Pashupati Advani, MBA 81

Director, Advani OTC Dealers
Mumbai, India

Hedge fund advisor Pashupati “Putty” Advani, MBA 81, left his native India as a young man to study engineering in London, then business at Berkeley. The combination, he thought, would serve him well for a career in Silicon Valley. But the school’s faculty pointed him on a different path.

Professor Leo Helzel recognized Advani’s financial skill and interested him in pursuing a career at a top financial firm. He earned his first stripes in that field at Kaiser Aluminum, thanks to a new learning partnership with Kaiser Aluminum created by then-Dean Earl F. Cheit.

Signing up to assist Kaiser’s retirement committee, Advani got a chance to work directly with the firm’s treasurer. He was soon asked to prepare a report on a novel idea: how real estate could serve as an investment instrument for the pension fund. Kaiser accepted his proposal.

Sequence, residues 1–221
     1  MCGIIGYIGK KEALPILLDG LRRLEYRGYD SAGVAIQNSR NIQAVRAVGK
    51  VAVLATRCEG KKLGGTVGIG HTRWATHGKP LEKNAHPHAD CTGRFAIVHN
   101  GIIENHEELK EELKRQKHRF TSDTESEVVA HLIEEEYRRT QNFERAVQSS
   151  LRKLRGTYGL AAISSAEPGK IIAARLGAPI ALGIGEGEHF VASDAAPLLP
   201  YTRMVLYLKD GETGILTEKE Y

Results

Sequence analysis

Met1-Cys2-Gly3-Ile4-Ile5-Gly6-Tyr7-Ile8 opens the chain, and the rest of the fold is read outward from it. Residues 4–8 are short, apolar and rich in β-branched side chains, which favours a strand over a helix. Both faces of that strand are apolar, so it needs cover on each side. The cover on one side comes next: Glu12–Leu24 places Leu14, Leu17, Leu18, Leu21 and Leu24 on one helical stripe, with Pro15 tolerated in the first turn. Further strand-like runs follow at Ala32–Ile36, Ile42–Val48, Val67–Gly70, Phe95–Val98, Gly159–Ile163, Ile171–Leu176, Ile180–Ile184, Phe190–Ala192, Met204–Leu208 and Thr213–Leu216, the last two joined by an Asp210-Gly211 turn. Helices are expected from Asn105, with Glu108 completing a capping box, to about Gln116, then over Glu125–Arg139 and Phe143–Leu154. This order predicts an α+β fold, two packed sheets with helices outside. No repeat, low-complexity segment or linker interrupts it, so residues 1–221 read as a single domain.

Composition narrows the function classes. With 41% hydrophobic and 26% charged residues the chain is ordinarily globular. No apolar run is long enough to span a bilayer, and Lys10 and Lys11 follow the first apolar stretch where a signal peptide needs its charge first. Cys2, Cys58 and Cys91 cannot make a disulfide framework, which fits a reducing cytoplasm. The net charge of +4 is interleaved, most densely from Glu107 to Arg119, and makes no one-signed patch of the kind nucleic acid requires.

His success was no accident. Loading his MBA with finance courses, Advani had made sure to learn from the best: taking options with Professor Mark Rubinstein and real estate with Professor Ken Rosen.

Then, with an MBA and some marketable experiences in his pocket, he moved to New York to work as a bond trader, first at Goldman Sachs, then at Bear Stearns, which ultimately wanted him to open its first office in India.

The Asian financial crisis foiled those plans, but Advani decided to return to India anyway — even without a job. The time was right for him and the opportunities abounded. Once there, he created a thriving business in Mumbai in the early ’90s, advising hedge funds on everything from investments to governance and regulatory issues.

The business has taken a big hit in the recent financial crisis, but it is faring better than most of its Indian counterparts. “These are structural issues,” says Advani. “The whole world is adjusting down.”

In the meantime, Advani stays in touch with several of his Berkeley buddies. And, in spite of much work and travel, he volunteers frequently for the MBA admissions office, interviewing Indian applicants.

“I received an excellent education, and I feel it’s important to give something back,” he says. Besides, it keeps him plugged into the frame of mind of the 25- to 30-year-olds and allows him to exchange new ideas, he says. “It’s always nice to get a new perspective.”

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